MÁLAGA, Spain — The leader of Israel’s center-left Labor Party says something has gone “very wrong” with the political left around the world, with supposed progressives now aligning themselves with Islamist militants who oppose the rights of women and LGBTQ+ people.
Over a month after Hamas militants attacked Israel, killing about 1,200 people and captured some 240, Israeli officials revised their death toll downwards as Israel wages a retaliatory war against Hamas in Gaza, which has now killed more than 11,000 Palestinians — according to the Hamas-run health ministry.
Mass protests have been held in cities across the EU and U.S. calling for an immediate cease-fire, with many using the slogan “from the river to the sea,” regarded by many Jews and Israelis as a call for the annihilation of the state of Israel but by Palestinians and their supporters as a non-violent rallying cry against the occupation.
At the protests and on university campuses, some protestors describing themselves as left-wing have expressed support for Hamas — proscribed as a terror organization by the U.S., EU and U.K. Tensions in the left-wing camp have already boiled over in France and Britain. The far-left France Unbowed party led by Jean-Luc Mélenchon, for example, avoids describing Hamas as terrorists and was the only major political party not to attend a rally against rising antisemitism last weekend. Meanwhile, Keir Starmer, the U.K. Labour Party leader, has been pummelled by the left of his party for refusing to call for a cease-fire.
“I think something very bad is happening on the left,” Labor leader Merav Michaeli told POLITICO in an interview. “It became very, very clear in this attack that people who consider themselves to be democratic, progressive, are supporting a totalitarian terror regime that oppresses women [and] the LGBTQ+ community,” she said on the fringes of an international meeting of Socialist and social democrat parties in Spain.
Some politicians on the far left have primarily blamed Israel for the the latest cycle of violence.
“The more you go to the left, the more there’s a big mix-up. Something went very wrong on the way,” Michaeli told POLITICO, adding that Israel has some “very strong allies” on the center-left.
“I fail to see how shouting jihad and calling for a mass murder of Jews is pro-Palestinian,” she added. “It’s important for me to emphasize to them that when you do not very strongly go against Hamas, and what it does in Gaza including to its own people, you are complicit.”
Israel has imposed a total siege on Gaza, allowing only a trickle of humanitarian aid into the densely-inhabited territory and obliging hundreds of thousands of Palestinians to move south to escape daily bombardments.
Michaeli, a transport minister in the previous Israeli government, is a long-time critic of Israeli Prime Minister Netanyahu, who is leading a far-right coalition and formed a war cabinet with centrist Benny Gantz after October 7. Michaeli called during the interview for Netanyahu to “go now.”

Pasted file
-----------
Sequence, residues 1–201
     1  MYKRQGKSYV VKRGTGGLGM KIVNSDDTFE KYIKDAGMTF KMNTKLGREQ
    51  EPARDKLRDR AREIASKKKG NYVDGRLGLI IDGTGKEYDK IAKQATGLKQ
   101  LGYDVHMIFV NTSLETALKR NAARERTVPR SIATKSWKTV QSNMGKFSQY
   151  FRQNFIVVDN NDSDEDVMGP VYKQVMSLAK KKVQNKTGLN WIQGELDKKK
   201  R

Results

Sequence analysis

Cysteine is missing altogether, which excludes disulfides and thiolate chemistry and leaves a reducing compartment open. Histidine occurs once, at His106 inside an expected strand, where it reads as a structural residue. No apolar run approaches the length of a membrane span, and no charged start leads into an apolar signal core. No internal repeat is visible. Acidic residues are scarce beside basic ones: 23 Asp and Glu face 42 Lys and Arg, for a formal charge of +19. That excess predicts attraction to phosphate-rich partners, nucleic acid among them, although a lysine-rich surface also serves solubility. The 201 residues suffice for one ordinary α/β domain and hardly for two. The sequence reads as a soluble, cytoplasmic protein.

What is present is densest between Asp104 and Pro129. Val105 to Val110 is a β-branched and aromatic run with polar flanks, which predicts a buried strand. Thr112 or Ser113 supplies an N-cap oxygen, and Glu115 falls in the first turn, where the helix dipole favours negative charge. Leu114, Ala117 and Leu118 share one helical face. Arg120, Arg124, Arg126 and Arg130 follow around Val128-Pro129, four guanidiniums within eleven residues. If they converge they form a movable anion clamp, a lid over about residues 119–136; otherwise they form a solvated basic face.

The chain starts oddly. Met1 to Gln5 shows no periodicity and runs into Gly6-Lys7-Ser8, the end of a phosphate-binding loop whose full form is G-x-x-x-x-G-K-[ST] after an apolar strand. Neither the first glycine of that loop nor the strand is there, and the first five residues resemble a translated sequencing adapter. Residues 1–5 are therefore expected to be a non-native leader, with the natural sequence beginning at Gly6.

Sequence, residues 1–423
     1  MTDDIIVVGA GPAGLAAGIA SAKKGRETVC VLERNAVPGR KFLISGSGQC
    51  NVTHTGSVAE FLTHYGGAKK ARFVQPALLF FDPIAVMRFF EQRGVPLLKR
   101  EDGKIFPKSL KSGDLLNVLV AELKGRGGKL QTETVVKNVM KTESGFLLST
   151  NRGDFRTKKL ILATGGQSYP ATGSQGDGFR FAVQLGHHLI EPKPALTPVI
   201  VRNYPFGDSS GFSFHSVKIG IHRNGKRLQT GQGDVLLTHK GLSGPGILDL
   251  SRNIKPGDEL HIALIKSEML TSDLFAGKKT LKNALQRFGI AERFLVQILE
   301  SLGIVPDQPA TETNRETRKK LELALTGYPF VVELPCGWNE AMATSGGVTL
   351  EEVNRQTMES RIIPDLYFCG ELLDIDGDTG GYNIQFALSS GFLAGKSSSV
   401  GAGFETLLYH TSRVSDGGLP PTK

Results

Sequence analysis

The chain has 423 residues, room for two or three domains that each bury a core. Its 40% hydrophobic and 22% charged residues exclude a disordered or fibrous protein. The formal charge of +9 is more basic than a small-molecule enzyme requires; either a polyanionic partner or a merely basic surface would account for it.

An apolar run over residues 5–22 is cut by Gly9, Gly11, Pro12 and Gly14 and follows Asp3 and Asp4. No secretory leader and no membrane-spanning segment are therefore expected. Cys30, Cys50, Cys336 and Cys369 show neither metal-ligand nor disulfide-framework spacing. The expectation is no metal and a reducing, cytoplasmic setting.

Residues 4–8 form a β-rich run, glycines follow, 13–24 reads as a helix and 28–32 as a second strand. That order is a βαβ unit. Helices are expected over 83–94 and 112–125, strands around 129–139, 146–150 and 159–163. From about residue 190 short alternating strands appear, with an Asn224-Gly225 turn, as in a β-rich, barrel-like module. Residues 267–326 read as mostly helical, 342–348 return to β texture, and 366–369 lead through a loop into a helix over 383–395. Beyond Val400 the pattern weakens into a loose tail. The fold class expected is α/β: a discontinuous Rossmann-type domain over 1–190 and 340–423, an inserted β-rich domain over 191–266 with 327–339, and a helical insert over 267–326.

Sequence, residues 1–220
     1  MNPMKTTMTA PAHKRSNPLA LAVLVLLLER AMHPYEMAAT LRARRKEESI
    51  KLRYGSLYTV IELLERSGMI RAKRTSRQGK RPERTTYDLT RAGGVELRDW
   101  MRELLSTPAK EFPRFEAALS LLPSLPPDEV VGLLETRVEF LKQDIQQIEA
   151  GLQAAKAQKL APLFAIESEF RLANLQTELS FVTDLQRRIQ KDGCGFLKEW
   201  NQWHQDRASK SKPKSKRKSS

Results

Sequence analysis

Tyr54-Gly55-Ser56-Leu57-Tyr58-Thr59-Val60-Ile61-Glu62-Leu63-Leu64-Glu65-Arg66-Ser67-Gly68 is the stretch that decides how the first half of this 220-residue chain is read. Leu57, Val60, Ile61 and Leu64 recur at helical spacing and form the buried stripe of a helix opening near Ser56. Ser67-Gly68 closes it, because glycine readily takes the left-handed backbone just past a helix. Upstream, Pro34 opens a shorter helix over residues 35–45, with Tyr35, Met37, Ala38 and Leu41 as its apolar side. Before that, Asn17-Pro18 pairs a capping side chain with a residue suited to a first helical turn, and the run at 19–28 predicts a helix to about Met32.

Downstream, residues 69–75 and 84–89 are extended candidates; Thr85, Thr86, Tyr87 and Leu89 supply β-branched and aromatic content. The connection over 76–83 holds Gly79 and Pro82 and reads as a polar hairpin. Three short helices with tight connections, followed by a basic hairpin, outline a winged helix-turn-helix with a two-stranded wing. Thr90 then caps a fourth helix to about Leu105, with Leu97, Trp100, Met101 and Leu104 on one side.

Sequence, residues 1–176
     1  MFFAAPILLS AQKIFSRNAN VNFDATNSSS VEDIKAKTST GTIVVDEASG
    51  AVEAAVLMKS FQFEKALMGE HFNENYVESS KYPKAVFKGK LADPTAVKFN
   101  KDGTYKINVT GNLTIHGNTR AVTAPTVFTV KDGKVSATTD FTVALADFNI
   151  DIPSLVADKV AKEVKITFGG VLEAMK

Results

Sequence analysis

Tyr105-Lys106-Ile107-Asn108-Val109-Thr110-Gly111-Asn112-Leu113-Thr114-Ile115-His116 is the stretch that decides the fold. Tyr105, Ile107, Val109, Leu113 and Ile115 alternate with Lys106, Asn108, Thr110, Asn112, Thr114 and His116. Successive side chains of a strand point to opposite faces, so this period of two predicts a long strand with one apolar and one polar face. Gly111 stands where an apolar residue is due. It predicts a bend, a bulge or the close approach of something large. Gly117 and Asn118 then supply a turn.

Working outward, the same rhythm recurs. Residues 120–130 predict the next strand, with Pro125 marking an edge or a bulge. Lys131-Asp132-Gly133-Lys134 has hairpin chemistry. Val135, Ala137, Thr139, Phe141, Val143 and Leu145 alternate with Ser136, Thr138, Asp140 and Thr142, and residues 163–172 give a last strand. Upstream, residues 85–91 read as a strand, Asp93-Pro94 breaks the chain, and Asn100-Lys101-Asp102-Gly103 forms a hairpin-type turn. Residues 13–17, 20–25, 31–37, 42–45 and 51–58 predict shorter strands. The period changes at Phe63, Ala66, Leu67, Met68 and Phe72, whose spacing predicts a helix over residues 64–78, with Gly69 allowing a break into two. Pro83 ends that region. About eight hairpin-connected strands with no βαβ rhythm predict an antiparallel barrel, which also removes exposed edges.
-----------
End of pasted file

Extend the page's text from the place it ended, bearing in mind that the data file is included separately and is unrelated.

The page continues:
But she also sought to focus attention on the trauma suffered by Israeli society in the wake of the October 7 attacks.
“When I’m speaking to people outside of Israel, then they need to understand that even the biggest peace activists and even the biggest believers in the two state solutions are now under a horrible attack,” she said.
Labor and its antecedent political movements dominated Israeli politics for some 30 years after the birth of the nation in 1948, with members including such prominent politicians as Yitzhak Rabin, Shimon Peres and Ehud Barak. But as Israel shifted to the right, Labor was sidelined as a political force, with now only four members – including Michaeli herself — in the 120-seat Knesset.
“The way to rebuild Israel is to take it back,” she said, before correcting herself: “It’s not even back, it’s to put it on the Zionist democratic, liberal path.” Michaeli explained that this means pushing for a two-state solution as outlined under the Oslo accords that Rabin, her predecessor as Labor Party leader, negotiated in the 1990s.
At the meeting in Spain, calls by some national parties from countries such as France, Ireland and Belgium for a cease-fire in Gaza divided delegates and did not make it into the final agreed text. The left more broadly has been rocked by divisions over how to respond to the war in Gaza.
Michaeli, whose party is a mere observer to the Party of European Socialists, could not directly negotiate the final text that was agreed upon in Málaga.
But she said: “[Calling for a] cease-fire now is giving permission to Hamas to continue rearming itself, continue stealing food, water, medicine and fuel from its own people and yes, rebasing itself.” She suggested that calls for a cease-fire were being influenced by “PR” for Hamas.
She put the blame for thousands of civilian deaths in Gaza on Hamas, rather than on the Israeli army, whose actions she defended.
“They are dying because Hamas is using them as human shields, because they have based everything from equipment to missiles to their headquarters in the midst of the most civilian functions there are,” Michaeli said.
She criticized what she perceived as a lack of support among EU politicians to push for the release of some 240 hostages kidnapped by Hamas. “I would have loved to hear more about that than just a mention, at least as much as they’re talking about the humanitarian needs in Gaza,” she said.
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